Food Affects Your Mood: 7 Foods That Can Help Chase Away the Blues

Food Affects Your Mood: 7 Foods That Can Help Chase Away the Blues

 Mood Boosting Foods for a better mind!

Whenever someone uses the phrase “food for thought,” we automatically comprehend the context in a metaphorical sense. But what if it were meant literally? Can what we eat impact what we think and how we feel? Based on current research, the answer is a resounding yes and it gives a whole new meaning to the demonized concept of “comfort food.” Here are some examples of Mood Boosting Foods!

1. Coffee.

Obviously. Our body produces a chemical called adenosine which blocks other chemicals — specifically energy-boosting brain chemicals. Caffeine temporarily disables adenosine so, you drink a cup of coffee and boom: your concentration, your reaction time, and your general sense of alertness get a turbo charge. If you overdo it and experience insomnia, foods high in copper can help that, too. These include baked potatoes, chicken, bananas, and avocados.

2. Dark chocolate.

Obviously, again. You take a bite of sweet deliciousness and your brain gets busy releasing endorphins and boosting serotonin levels. You won’t say no to one of these super mood boosting foods, but the trick here, as with coffee, is to learn how to practice moderation. The sugar alone in dark chocolate has the potential to be a long-term mood enemy.

3. Seafood.

They’ve discovered yet another reason to covet those nutritional superstars, omega-3 fatty acids. Research shows that the oils found in fish like tuna, sardines, and salmon play a role in easing depressive symptoms and lowering the risk of suicide. In fact, part of a 9-month study of bipolar disorder involved adding omega-3 fatty acids to patients’ diets. Only three months into the study, it was halted due to the smoothing of manic-depressive swings.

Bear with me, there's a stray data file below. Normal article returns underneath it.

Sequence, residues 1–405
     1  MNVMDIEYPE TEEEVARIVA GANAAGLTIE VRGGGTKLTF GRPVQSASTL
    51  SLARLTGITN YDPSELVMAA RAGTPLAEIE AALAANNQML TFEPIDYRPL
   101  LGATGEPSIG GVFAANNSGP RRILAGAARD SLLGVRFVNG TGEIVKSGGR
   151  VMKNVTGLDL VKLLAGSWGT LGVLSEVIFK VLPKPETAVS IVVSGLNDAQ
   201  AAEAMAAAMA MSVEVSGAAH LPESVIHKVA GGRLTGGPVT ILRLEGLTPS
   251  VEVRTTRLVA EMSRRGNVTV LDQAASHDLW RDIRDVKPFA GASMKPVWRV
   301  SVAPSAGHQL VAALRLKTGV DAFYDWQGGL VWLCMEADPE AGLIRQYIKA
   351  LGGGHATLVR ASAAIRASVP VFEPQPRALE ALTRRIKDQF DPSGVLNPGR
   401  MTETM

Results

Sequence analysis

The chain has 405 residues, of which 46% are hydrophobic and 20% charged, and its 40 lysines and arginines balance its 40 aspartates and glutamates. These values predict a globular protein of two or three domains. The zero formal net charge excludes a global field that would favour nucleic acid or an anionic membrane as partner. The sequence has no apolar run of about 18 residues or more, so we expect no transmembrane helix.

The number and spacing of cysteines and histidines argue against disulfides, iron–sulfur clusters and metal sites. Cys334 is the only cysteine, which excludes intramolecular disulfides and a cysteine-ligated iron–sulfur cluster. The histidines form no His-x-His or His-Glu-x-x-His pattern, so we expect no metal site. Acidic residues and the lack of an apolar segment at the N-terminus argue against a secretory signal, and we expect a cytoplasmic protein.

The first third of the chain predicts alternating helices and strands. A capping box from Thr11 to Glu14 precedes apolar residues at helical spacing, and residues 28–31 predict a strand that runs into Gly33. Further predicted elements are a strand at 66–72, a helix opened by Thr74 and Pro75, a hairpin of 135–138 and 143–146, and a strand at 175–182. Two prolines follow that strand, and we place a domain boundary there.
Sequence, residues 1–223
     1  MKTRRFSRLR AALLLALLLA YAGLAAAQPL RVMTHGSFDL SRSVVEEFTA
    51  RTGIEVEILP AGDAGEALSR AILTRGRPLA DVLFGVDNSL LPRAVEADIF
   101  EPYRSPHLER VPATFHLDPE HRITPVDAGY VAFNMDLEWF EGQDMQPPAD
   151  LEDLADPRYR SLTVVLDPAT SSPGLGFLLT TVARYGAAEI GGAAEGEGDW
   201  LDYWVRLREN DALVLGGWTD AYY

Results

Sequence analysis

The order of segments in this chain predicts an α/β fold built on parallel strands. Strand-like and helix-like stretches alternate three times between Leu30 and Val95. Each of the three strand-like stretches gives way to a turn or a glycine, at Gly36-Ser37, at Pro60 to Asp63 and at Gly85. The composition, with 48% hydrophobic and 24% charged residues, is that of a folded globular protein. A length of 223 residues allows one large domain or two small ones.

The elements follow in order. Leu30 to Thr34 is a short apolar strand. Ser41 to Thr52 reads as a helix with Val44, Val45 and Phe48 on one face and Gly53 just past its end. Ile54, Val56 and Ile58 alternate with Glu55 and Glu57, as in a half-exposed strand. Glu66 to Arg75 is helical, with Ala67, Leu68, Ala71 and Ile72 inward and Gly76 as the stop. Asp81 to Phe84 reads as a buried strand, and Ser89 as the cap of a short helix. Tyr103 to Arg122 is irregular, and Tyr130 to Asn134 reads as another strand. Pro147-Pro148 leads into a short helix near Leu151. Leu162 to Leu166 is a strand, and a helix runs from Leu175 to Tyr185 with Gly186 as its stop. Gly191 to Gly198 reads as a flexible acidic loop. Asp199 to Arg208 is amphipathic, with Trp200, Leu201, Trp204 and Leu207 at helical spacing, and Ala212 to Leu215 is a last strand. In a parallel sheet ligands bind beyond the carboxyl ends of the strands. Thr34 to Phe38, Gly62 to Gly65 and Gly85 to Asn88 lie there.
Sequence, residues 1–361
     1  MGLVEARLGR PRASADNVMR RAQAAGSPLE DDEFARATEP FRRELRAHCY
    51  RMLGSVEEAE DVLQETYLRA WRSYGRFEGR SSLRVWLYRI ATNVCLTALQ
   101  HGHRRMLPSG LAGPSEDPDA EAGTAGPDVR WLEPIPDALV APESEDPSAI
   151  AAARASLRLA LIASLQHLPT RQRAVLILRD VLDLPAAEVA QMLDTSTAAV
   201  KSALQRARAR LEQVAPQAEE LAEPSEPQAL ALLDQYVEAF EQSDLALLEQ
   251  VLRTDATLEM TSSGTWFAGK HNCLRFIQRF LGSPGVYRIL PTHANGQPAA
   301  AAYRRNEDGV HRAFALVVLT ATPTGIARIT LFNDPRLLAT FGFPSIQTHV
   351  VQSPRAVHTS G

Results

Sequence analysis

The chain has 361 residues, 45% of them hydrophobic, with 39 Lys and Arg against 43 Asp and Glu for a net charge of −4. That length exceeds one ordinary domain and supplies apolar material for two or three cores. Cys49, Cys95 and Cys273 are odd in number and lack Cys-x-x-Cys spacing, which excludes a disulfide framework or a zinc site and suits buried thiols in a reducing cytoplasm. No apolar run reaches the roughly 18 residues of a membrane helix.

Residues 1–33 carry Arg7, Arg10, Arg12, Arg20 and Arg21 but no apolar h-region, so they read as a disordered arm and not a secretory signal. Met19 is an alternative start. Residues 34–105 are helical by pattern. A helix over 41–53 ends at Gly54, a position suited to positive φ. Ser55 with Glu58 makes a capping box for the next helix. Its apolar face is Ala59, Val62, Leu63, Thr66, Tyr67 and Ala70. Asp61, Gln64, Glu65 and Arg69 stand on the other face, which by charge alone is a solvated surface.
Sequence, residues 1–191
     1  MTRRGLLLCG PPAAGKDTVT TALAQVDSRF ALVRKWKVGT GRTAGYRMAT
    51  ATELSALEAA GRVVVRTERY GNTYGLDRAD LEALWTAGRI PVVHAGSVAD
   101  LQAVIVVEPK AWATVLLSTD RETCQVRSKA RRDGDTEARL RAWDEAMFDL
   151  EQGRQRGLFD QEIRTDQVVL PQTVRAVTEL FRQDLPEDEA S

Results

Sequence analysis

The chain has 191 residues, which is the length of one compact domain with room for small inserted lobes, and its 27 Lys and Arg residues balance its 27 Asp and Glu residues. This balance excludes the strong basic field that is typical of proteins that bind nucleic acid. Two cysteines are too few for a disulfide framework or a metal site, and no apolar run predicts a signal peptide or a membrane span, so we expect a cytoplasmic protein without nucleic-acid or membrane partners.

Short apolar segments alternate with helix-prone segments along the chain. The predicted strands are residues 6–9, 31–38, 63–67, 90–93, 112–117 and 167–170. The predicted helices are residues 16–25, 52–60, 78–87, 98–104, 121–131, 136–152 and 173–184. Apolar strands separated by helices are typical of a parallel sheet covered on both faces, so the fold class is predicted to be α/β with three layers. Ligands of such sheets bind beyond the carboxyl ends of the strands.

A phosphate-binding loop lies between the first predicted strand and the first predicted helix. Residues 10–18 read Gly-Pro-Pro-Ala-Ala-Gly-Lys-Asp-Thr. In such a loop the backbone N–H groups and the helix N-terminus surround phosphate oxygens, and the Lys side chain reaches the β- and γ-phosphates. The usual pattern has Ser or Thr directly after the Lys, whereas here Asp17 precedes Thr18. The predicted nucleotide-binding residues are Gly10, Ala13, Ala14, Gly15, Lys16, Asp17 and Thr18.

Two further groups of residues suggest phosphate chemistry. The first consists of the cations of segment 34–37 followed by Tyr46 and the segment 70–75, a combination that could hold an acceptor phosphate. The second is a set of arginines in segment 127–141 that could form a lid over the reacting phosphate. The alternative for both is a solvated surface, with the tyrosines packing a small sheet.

4. Vitamin B12-Folic Acid Combo.

This isn’t a specific food but it is a specific combination. These two vitamins, when consumed together, have been found to reduce the incidence of dementias, disorders of the central nervous system, and mood disorders. For folic acid (folate), you might try spinach, beans, cereals, rice, and pasta. In terms of B12, think lean beef, eggs, poultry, milk/milk products, and seafood. In addition, some vegetarian or vegan options are fortified with B12. Read those labels carefully!

5. Brazil nuts.

The secret to their mood-improving properties lies in a mineral called selenium. Individuals low in this mineral have been found to present with higher rates of fatigue, anxiety, irritability, and depression. All you need is three of these tasty nuts to get a day’s worth of selenium. Dense and chewy, Brazil nuts make for an ideal mid-day snack

6. Spinach.

Making its second appearance on this list (previously mentioned for its folic acid content), spinach will also help chase away the blues thanks to all the other B vitamins it packs. Besides folate, this leafy green contains B3, B6, and B12 (see #4). Another strong option for a B vitamin bonanza is broccoli.

7. Water.

How amazing is water? It’s clear and has no taste yet most of us down it non-stop — whether cold, room temperature or boiled (for tea, coffee, etc.). It even makes it way onto a blues-busting “food” list! A 2015 study discovered a direct correlation between water consumption and good mood. As water intake increased, mental issues like confusion, tension, and depression decreased. The “how much water?” debate remains unsettled but the classic eight glasses a day mantra is a good start. Keep in mind that most fluids can count towards that total. Besides the aforementioned tea and coffee, there are also soups, juices, milk, and even the high water content in the fruits and vegetables you consume that can serve as food for thought!

So, food for thought is more than metaphorical. It’s gratifying to know that eating the right foods is not only good for us physically, it has great effects on our brain too.

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